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The business behind Kenyan festivals and concerts


Nviiri the Storyteller, Femi One and DJ Xclusive during Beer Festival on 9th October 2022 at Tamasha Bar and Grill in Eldoret.[Edward Kiplimo,Standard]

These final months of 2023 saw Kenyans let their hair down, put on their partying boots and sing and dance the evening away to live performances.

According to a report released exclusively to The Sunday Magazine by Oktobafest communication executives, the beer festival was on a mission to leave a positive social and economic impact, and they broke down the numbers to explain how they did that.

The report says the total number of Oktobafest attendees were over 49,000. Organisers boasted that this number shows the large number of people who came together to share their love for music.

“Oktobafest extended its reach by partnering with 100 outlets across the region. These outlets became valuable partners in the festival's journey. This partnership was not just about commerce; it was about creating collaborative opportunities that extended beyond the event,” the report notes on partnerships, adding that there were 78 vendors who supplied food, beverages and merchandise.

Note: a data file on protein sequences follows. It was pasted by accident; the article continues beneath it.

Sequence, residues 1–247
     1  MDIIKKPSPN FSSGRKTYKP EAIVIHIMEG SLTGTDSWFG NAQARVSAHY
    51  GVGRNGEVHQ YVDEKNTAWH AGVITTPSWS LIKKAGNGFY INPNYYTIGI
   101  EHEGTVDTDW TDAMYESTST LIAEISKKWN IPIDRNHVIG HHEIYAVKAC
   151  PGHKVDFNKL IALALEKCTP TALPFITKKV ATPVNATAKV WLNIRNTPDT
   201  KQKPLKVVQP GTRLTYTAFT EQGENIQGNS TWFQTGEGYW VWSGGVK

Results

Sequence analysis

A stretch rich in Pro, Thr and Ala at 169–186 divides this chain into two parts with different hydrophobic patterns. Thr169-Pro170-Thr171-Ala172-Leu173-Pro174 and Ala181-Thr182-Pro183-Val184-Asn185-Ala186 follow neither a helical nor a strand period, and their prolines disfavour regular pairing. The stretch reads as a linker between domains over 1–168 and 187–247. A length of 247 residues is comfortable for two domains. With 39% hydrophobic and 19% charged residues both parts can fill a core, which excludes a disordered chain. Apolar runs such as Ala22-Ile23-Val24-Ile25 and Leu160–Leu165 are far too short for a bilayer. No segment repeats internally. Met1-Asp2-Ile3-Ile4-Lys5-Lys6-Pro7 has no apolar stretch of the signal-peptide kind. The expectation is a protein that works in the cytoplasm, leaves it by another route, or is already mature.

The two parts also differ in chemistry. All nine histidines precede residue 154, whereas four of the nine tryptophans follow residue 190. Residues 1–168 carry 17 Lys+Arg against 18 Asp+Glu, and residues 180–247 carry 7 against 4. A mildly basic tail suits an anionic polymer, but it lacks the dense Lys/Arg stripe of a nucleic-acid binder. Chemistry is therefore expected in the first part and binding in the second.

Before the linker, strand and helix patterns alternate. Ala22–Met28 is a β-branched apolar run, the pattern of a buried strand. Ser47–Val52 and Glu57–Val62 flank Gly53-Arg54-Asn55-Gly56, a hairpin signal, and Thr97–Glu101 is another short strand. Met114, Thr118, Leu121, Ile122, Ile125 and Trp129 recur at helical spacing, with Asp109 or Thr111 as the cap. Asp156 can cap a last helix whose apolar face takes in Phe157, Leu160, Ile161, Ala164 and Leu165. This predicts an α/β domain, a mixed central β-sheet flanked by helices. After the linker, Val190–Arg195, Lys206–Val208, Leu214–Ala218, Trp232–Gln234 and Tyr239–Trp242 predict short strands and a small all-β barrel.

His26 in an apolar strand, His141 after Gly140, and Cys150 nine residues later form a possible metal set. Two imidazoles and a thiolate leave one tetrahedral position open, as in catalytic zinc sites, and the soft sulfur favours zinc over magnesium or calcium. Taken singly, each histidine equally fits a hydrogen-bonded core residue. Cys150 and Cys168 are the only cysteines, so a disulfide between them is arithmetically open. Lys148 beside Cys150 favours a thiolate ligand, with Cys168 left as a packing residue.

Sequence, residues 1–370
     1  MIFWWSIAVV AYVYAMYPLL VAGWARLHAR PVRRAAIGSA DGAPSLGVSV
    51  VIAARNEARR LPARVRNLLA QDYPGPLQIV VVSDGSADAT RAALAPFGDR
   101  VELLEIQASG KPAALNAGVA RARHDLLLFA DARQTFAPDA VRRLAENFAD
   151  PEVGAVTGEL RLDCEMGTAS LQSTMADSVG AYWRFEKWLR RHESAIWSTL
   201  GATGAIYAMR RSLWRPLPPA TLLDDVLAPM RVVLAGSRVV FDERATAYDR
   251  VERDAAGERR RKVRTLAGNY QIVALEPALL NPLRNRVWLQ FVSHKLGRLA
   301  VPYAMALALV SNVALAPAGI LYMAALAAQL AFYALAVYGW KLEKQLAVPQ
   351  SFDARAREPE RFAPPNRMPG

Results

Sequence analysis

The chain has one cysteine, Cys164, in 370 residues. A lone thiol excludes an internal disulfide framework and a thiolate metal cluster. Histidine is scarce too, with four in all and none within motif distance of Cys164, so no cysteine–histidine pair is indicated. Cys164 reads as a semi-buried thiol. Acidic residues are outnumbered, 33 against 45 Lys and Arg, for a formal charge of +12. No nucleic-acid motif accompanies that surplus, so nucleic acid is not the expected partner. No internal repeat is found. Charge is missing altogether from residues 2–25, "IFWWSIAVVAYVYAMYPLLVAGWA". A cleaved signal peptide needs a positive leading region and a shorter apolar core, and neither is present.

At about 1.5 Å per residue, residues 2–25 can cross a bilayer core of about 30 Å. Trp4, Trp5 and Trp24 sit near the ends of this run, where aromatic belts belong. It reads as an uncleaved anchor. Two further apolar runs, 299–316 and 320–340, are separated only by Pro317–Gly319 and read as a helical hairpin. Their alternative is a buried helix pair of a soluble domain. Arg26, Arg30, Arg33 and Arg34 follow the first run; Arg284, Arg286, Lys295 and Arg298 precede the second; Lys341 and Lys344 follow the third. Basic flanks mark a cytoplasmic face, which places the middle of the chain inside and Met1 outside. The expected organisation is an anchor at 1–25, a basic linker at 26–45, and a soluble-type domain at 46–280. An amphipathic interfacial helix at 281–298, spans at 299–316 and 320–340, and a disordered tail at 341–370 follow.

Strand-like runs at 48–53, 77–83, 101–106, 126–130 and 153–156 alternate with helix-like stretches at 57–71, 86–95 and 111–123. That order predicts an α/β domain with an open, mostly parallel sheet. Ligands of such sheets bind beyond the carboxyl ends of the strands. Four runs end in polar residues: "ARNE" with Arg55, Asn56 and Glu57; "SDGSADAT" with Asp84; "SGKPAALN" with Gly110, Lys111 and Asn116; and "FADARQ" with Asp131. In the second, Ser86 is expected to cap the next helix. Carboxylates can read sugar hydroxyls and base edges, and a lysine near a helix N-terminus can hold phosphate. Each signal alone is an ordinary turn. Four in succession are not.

On matters transport, sources noted that there were up to 788 taxi drivers who provided services to and from the venue, and an additional 30 matatus ferrying attendees and service providers.

Artistes and high-profile personalities in the lineup included Tanzanian Bongo music sensation Diamond Platnumz, Uganda’s Emcee Dedan, South Sudan’s John Frog, and local music icons such as Nyashinski, Khaligraph Jones, Mejja, Jua Cali, Nameless, Wakadinali, and Kalamashaka, among others, as reported by Kenyan Vibe.

The VIP season pass for Oktobafest was Sh12,000. The day pass for regular tickets went for Sh2,000, while the regular season pass was Sh5000 as per posters of the festival shared by Tusker on X.

Over at Solfest, which was dubbed ‘The Last Dance’ of the celebrated boy band Sauti Sol, there was not only an emotional goodbye to the celebrated group taking a hiatus but there were also big bucks being spent.

The festival promised to be a true celebration of Sauti Sol’s extraordinary career, and the pricey Sh20,000 VIP tickets were sold out by September, a testament to how eager the fans were for the highly anticipated event.

Tickets for the ‘fan show’, which was on a different date from the VIP one; cost Sh2,500, and attendees would get an exclusive backstage experience for the raised price of Sh6,500.

In an interview with an entertainment site, band members Bien-Aimé Baraza and Savara Mudigi defended the price of the tickets, with Bien saying: "The cost of doing the concert is really expensive as well. We are not trying to take advantage of people. We are giving you 20 years of lives; we have been together for 20 years. That ticket price is worth the 20 years we have been together." 

Market research firm Statista projected that the music events market in Kenya would reach over Sh592 million (US$3.88 million) last year.

Statista reported: “Revenue is expected to show an annual growth rate (CAGR 2023-2027) of 6.28 per cent resulting in a projected market volume of over Sh747 million (US$4.95m) by 2027.” [Kirsten Kanja]

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